Originally Posted by He-Mann
Not sure... how to compute... (p = 0.5)

$X \sim \mathrm{Bin}(78, p) \implies P(X \geq 43) = \sum_{k=43}^{78} \binom{78}{k}p^k (1-p)^{78-k}$
what value of p did you get?

18. ## Re: University Statistics Discussion Marathon

Originally Posted by davidgoes4wce
what value of p did you get?
Do you mean the value of the sum? (The "p" He-Mann used was referring to the success probability parameter, which is 0.5.)

19. ## Re: University Statistics Discussion Marathon

Can't any quick way of doing it at the moment. Please let me know if any of this is wrong.

$P(X \geq 43) = \sum_{k = 43}^{78} \binom{78}{k} p^k (1-p)^{78 -k} = 1 - \sum_{k=0}^{42} \binom{78}{k} p^k (1-p)^{78-k}$

Since probabilities sum to 1, we have

$\left(\sum_{k=0}^{38}\binom{78}{k} p^k (1-p)^{78-k} \right) + \left(\binom{78}{39} p^{39} (1-p)^{39} \right) + \left(\sum_{k=40}^{78} \binom{78}{k}p^k (1-p)^{78-k} \right) = 1 \quad \dots (*)$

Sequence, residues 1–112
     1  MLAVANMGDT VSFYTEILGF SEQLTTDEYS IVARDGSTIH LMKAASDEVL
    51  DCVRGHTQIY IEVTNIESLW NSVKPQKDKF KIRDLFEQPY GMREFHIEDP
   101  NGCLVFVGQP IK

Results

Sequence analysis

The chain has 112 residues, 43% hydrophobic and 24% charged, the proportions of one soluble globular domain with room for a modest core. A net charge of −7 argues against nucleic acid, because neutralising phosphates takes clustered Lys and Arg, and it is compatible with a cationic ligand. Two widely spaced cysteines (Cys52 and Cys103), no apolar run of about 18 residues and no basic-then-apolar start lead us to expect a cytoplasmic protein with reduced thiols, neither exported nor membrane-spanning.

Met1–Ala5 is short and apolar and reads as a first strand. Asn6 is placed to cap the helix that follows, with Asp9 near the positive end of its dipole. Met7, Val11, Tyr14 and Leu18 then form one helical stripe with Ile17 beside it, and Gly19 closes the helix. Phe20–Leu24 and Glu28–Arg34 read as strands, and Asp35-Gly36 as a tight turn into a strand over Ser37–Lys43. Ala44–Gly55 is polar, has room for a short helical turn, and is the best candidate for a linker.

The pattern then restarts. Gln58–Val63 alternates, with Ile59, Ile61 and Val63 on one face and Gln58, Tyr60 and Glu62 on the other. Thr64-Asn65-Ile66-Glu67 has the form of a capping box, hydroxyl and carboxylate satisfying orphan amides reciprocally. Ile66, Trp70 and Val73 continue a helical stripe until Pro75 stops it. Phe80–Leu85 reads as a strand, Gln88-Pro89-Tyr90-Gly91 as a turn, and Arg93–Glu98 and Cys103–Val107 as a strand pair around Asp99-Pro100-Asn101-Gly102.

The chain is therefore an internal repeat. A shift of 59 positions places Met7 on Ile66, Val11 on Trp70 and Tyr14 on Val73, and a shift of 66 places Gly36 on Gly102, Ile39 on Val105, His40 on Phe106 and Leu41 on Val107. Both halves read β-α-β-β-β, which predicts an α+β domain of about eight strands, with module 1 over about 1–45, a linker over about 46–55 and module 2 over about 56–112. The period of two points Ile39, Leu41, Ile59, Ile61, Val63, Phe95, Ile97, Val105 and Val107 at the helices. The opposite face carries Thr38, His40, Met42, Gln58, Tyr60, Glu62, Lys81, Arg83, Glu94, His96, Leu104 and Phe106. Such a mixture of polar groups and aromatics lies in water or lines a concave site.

By symmetry (i.e. Pascal's Triangle), we have

$\sum_{k=0}^{38}\binom{78}{k} p^k (1-p)^{78-k} = \sum_{k=40}^{78} \binom{78}{k}p^k (1-p)^{78-k}$

Then from (*), we have

\begin{align*}\sum_{k=0}^{38}\binom{78}{k} p^k (1-p)^{78-k} &= \frac{1}{2}\binom{78}{39} p^{39} (1-p)^{39} \\&= \frac{1}{2} \binom{78}{39}(0.5)^{78} \approx 0.045 \\\\ \textbf{MISTAKE HAPPENS ABOVE. THE RHS SHOULD BE }&=\frac{1}{2} (1 - \binom{78}{39}(0.5)^{78}) \\ &\approx 0.95
\end{align*}

Now, we compute the desired probability,

\begin{align*}P(X \geq 43)& = 1 - \sum_{k=0}^{42} \binom{78}{k} p^k (1-p)^{78-k} \\ & \approx 1 - \left( 0.045 + 2\times 0.045+ \sum_{k=40}^{42}\binom{78}{k} p^k (1-p)^{78-k}\right) \\ & = 1 - \left( 0.045 + 2\times 0.045 + 0.2409 \right) \\& = 0.6241 \end{align*}

In retrospect, I should have wrote p = 0.5 = 1 - p and combined the product which would make it easier to read.

20. ## Re: University Statistics Discussion Marathon

Bump! Really interested if someone has thought up of a more efficient way to do the question (or identify, if it exists, the flaws in my work).

21. ## Re: University Statistics Discussion Marathon

Mathematica 11 gives me 0.2141 from your initial sum...

22. ## Re: University Statistics Discussion Marathon

Originally Posted by He-Mann
Can't any quick way of doing it at the moment. Please let me know if any of this is wrong.

$P(X \geq 43) = \sum_{k = 43}^{78} \binom{78}{k} p^k (1-p)^{78 -k} = 1 - \sum_{k=0}^{42} \binom{78}{k} p^k (1-p)^{78-k}$

Since probabilities sum to 1, we have